The Pentagon’s newest policy grants the US military the ability to respond to a cyber attack on government networks with physical force – equating hacking to an act of war.
This new trend has many advocates and experts worried. Hacking a government system may soon be an offence that can be retaliated against with force, even though most US government hacks are conducted by individuals and activists – not foreign governments.
“Does the United States want to say we’re guna deter Russia with nuclear weapons because of some hackers in a Moscow internet café?” asked Research fellow Benjamin H. Friedman from the Cato Institute in Washington. “That sounds like an overly bellicose threat to me.”
Friedman described the assertion that a cyber attack is an act of war as preposterous. He explained that the vast majority of attacks are criminal, but have nothing to do with defense or the military – the government must recognize the difference.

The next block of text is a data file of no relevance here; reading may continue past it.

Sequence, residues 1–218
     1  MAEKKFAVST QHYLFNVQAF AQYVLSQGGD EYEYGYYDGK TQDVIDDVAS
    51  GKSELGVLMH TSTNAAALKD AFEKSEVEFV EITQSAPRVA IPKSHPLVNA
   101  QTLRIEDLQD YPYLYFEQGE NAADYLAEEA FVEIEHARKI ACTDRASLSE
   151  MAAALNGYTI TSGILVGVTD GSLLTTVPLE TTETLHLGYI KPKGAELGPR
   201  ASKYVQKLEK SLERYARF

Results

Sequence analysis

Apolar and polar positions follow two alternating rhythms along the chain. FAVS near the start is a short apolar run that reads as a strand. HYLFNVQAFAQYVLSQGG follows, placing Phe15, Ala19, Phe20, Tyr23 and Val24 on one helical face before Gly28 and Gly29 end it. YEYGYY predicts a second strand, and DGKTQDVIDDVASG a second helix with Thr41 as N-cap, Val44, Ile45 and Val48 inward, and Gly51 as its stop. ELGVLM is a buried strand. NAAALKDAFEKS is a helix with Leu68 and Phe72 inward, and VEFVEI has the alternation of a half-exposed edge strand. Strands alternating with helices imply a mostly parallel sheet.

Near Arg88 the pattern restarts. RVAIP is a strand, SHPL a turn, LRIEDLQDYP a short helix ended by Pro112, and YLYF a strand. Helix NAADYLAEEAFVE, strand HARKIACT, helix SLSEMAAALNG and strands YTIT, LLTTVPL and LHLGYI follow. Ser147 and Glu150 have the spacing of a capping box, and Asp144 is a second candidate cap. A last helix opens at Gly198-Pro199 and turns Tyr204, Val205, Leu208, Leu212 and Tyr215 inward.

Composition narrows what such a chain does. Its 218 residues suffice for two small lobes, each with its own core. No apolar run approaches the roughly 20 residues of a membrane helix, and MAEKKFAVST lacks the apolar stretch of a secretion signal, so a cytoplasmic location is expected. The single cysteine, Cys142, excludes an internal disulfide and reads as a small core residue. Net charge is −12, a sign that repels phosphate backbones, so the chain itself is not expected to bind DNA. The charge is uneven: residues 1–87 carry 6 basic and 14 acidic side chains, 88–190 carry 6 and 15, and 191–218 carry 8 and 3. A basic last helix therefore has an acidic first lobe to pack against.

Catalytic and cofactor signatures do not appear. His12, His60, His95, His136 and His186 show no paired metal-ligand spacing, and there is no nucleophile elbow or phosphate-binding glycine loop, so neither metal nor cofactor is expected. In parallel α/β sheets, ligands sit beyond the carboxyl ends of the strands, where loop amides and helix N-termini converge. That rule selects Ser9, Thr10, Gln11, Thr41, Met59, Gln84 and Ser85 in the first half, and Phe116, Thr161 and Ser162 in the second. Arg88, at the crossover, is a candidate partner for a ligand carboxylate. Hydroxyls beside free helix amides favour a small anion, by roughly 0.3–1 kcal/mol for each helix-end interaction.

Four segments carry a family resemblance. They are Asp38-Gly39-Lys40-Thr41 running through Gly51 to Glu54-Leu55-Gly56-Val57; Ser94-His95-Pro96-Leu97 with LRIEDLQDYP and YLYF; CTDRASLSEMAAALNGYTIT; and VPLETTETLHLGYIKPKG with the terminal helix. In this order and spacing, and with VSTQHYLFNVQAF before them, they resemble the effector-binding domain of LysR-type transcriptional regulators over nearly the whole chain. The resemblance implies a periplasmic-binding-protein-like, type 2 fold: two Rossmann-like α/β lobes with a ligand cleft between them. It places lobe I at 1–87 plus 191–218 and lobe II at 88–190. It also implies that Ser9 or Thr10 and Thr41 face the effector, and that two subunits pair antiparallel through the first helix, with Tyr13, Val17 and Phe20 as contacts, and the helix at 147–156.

He said the use of threat of military force as a deterrent is a bad idea. The risk of criminal activity of this nature is known and should be deterrent enough.
“This is just the bureaucracy trying to deal with something we don’t need to deal with right now,” Friedman said. “It would be better to just be silent and not put something down on paper.”
The US should have offensive cyber technologies, he argued, but that is not the same as threatening war. Additionally, the US risks hypocrisy by using the same tech against others they themselves threaten others with war over.
Cyber attacks are not all lethal – thus far none have been. If a lethal attack occurs, that would be a different case. But hacks targeting passwords and credit cards are not an act of war, Friedman contended.